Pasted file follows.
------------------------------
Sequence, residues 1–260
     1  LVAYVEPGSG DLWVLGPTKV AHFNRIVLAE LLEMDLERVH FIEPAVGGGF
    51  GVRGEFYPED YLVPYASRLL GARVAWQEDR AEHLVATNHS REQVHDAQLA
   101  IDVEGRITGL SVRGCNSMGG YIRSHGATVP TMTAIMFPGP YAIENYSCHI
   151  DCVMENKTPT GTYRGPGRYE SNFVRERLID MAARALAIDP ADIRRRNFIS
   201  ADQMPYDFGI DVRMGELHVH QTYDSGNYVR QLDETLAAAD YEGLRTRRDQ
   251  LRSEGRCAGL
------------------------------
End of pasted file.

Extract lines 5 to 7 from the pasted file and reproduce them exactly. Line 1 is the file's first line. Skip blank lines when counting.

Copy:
   151  DCVMENKTPT GTYRGPGRYE SNFVRERLID MAARALAIDP ADIRRRNFIS
   201  ADQMPYDFGI DVRMGELHVH QTYDSGNYVR QLDETLAAAD YEGLRTRRDQ
   251  LRSEGRCAGL